The Israel Arrow Weapon System (AWS) today. The test was carried out over the Eastern Mediterranean Sea and involved a Rafael Blue Sparrow 2 target missile, launched toward Israel from an F-15 fighter jet. The target missile was detected and tracked by the radar, the primary sensor of the AWS. Intercept solutions were plotted by the Golden Citron battle management controller and transferred to the launch units.Organization and the U.S. Agency completed a successful test of the key elements of the joint U.S.-Israel
According to the official announcement, “Elements of the U.S. BallisticSystem (BMDS) successfully performed interoperability with the AWS and collected data.”this probably pertains to the BMDS radar station in the Arava valley.
Israel MOD says the success of the test is the final test prior to delivery of block 4 Arrow Weapons System. This was a major milestone in the development of the Arrow Weapon System and provides confidence in operational Israeli capabilities to defeat the developing ballistic missile threat. The next step in the AWS progress is expected in 2013, as the Arrow 3 exo-atmospheric interceptors enter flight testing. Arrow 3 will form the upper layer in the Israeli multi-layered missile defense system. Arrow 3 and Arrow 2 Block 4 are expected to form the top and upper layers, with Rafael David’s Sling providing the mid-tier and lower tiers, defending against tactical missiles, long range rockets, cruise missiles and attack aircraft. The low-level will be protected by Rafael’s Iron Dome Countering short-range rockets (C-RAM).
The evolution of the Arrow Weapon System follows a spiral (blocks) development cycle. The operational AWS is currently the Block 3, with Block 4 undergoing testing for the past four years. This block improves the Arrow ability to overcome countermeasures, offering higher discrimination of false targets (including decoys and elements separated from the main target). The missile has already been tested several times in Israel and the US. The two recent tests in 2008, 2009 and 2011 were0 performed at the pacific missile range on the Pacific coast, as the ranges involved in the intercept (over 1,000 km) have not allowed Israel to realistically evaluate the missile’s performance over the Mediterranean. The final firing test conducted on February 2011 validated the block-4 missile performance, which scored a direct hit on this test. Among the improvements introduced in the Arrow 2 Block 4 missile are refined midcourse guidance section, improved target identification and discrimination and enhanced lethality. Other improvements were implemented throughout the system, increasing the target discrimination capability, situational assessment and overall target engagement, battle management.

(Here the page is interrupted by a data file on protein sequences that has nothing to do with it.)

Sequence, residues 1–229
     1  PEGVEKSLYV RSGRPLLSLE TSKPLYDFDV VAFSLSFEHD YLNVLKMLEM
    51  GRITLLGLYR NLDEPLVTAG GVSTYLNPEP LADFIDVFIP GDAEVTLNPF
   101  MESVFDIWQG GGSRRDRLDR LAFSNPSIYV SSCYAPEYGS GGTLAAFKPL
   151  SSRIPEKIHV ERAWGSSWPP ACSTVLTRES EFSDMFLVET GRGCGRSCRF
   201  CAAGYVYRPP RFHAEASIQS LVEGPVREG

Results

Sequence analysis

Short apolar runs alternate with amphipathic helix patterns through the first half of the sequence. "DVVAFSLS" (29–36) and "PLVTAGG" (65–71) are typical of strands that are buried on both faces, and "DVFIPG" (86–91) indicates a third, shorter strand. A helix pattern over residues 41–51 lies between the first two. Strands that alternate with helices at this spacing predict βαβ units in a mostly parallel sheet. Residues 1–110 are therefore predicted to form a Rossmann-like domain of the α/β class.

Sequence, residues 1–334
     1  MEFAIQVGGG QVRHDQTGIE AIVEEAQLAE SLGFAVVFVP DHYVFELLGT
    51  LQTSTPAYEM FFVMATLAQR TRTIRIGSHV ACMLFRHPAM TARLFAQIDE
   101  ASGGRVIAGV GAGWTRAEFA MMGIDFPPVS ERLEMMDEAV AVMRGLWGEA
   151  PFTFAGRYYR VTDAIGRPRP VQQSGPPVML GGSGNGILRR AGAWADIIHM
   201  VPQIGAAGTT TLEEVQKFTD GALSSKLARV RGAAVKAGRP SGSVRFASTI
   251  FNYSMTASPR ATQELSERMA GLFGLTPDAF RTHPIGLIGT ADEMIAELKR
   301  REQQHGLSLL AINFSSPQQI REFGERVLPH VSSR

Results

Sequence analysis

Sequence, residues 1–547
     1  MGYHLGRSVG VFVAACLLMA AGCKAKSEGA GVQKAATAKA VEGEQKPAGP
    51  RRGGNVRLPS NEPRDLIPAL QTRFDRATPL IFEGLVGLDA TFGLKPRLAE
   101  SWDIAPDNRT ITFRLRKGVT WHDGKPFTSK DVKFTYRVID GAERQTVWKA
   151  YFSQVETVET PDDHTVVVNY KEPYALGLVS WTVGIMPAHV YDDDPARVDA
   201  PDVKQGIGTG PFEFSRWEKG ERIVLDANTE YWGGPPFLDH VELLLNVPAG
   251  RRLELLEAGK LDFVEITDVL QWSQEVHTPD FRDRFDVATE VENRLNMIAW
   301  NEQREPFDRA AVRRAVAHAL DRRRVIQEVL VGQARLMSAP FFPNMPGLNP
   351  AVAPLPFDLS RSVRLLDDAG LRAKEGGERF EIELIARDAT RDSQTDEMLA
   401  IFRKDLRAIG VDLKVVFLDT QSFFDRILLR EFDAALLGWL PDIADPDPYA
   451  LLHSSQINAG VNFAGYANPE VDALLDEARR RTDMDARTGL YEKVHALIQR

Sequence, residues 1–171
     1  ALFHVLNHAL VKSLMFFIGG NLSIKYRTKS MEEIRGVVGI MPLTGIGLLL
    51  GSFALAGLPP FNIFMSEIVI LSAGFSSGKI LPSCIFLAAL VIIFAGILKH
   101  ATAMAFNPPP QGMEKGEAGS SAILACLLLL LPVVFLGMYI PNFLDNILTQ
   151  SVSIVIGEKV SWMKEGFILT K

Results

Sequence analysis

The Green Pine radar has a proven track record demonstrated in over 20 successful ballistic missile intercepts. The radar was developed with Israeli funding and as such is not subjected to U.S. export limitations. As such, Green Pine was exported to a number of Asian countries, among them India and South Korea. The system was also mentioned in a recent $1.5 billion contract finalized with another country in Asia. The first Green Pine radar was delivered to India in 2002, and has since been integrated with the country’s indigenous missile defense system as the Swordfish radar system. Two sites are currently operational – northeast of Bangalore, and on India’s northeast coast. Representing the next phase in this strategic roadmap,is bound to attract even more interest, with its enhanced capabilities.
The Blue Sparrow, the target missile used in this test was developed by RAFAEL as an air-launched target simulating medium-range ballistic missile of the Scud B/D class. Rafael is already building a larger version known as ‘Silver Sparrow’. The Sparrow targets have a modular warhead section carrying different payloads such as inert, high explosive or water. This 8.39 m’ long missile weighs over three tons. It will simulate Shihab 3 class missiles (1500-2000 km) for the testing of the Arrow-3 interceptor. The Silver Sparrow uses a single stage solid rocket propellant, and shares a common reentry vehicle with the mid-range Blue Sparrow. The Silver Sparrow is also considered as a candidate for air-launching of RAFAEL’s future LiteSat micro-satellite, providing Operationally Responsive Space capability supporting ad-hoc requirement for satellite imagery.